• One fundamental change for the worker is that they will no longer be able to claim a 5% ‘overheads’ deduction as part of calculating their final tax and National Insurance liabilities.

Determining a business’ size

The definition within the Companies Act will be applied to determine who is a medium and large business for IR35 purposes, and will apply where two or more of the following conditions are met:


Annual turnover = £10.2m or more

Balance sheet total = £5.1m or more

Number of employees = 50 or more

The government recognises that the Companies Act definition may not apply to non-corporate entities, and so the turnover and number of employees of the organisation will be set at similar levels.

The government recognises that the Companies Act definition may not apply to non-corporate entities,

Action points

You should act and review this now. It is advised you seek professional advice before making any large-scale changes. The following questions could help review the risk and help respond if necessary:

  1. Do you engage any workers who are not paid through the payroll?

  2. Are you a medium or large business?

  3. Are you an agency supplying workers who are medium or large businesses?

  4. What processes do you have in place to be able to determine the employment status of a worker?

  5. Do you know who in your business has details of the workers you engage?

  6. Are you able to manage the expectations of the legislation?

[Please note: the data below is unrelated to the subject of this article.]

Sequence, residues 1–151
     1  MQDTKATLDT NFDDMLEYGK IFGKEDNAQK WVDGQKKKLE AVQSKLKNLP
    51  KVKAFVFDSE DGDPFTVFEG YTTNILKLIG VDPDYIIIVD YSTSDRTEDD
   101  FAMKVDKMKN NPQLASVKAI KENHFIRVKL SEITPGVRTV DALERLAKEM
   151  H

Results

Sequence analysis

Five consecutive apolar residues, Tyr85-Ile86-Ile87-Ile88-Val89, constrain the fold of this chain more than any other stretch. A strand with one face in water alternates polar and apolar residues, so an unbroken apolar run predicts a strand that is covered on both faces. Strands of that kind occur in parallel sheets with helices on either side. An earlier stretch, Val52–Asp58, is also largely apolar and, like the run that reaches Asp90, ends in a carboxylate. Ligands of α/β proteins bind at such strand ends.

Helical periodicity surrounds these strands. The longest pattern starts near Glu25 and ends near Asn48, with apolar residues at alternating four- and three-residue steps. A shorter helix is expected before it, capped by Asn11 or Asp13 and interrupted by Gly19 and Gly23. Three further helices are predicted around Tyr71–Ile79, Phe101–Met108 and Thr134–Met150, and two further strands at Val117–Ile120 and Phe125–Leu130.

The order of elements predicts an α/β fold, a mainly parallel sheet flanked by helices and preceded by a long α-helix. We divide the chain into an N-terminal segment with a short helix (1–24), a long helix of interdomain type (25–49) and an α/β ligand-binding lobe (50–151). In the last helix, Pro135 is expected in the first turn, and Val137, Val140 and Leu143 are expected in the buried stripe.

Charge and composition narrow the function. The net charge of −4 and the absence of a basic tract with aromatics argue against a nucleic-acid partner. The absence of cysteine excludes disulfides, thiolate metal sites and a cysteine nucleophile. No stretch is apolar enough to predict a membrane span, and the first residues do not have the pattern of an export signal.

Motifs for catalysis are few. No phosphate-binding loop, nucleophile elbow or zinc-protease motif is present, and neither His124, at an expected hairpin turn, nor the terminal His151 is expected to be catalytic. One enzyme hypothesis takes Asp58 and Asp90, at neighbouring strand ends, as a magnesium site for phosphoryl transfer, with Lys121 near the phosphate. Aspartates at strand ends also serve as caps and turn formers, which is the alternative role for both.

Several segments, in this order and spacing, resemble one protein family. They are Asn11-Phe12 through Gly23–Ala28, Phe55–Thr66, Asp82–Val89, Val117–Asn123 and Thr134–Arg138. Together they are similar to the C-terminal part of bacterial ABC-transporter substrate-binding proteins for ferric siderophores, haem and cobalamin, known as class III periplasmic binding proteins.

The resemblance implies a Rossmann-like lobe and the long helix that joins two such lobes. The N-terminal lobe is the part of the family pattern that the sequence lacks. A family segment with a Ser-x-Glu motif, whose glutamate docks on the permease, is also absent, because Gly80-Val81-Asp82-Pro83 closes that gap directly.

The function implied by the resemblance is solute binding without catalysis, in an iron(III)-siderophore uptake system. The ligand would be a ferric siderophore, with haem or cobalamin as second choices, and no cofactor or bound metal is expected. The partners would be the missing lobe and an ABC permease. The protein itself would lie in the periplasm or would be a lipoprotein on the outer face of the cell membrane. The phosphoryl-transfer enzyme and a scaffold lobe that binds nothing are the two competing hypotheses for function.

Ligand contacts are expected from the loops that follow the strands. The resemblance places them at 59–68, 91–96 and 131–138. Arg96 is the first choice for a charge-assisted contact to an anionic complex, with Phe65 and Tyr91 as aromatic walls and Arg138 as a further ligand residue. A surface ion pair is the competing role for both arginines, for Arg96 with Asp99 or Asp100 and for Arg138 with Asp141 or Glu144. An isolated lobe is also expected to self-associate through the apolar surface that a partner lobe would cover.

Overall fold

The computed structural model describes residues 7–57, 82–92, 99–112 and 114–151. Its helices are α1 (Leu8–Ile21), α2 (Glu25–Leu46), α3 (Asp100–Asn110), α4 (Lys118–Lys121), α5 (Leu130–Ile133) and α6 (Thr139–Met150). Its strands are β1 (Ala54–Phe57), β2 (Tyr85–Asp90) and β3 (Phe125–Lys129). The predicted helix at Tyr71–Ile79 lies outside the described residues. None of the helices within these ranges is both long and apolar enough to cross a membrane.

If you have any questions about the new IR35 legislation and how it applies to your organisation, please contact Tom Wilson, Partner, at

About haysmacintyre

haysmacintyre is an award-winning mid-tier firm of chartered accountants and tax advisors who have been working in the sports sector for over 20 years and act for over 60 high-level sports clients. They remain committed to ensuring we remain at the forefront of advice to the sector. This is what sets them apart from our competitors and represents a significant investment of both time and resources.

haysmacintyre's dedicated sports team is one of the key sub sectors on which haysmacintyre focuses. As a result, they have considerable experience of working with NGBs and sports charities, as well as corporate clubs and private clients in the sector. haysmacintyre have become trusted business advisors to many of them and they often turn to us to solve problems and discuss ideas.

haysmacintyre's experience in the sports sector means they can act as an independent sounding board for their clients and provide you with insights into the challenges that similar organisations face and how best to respond to them. They maintain regular communication and close liaison with clients throughout the year to discuss developments and plans, meaning they are best placed to advise on any accounting or tax issues.

For more information, please visit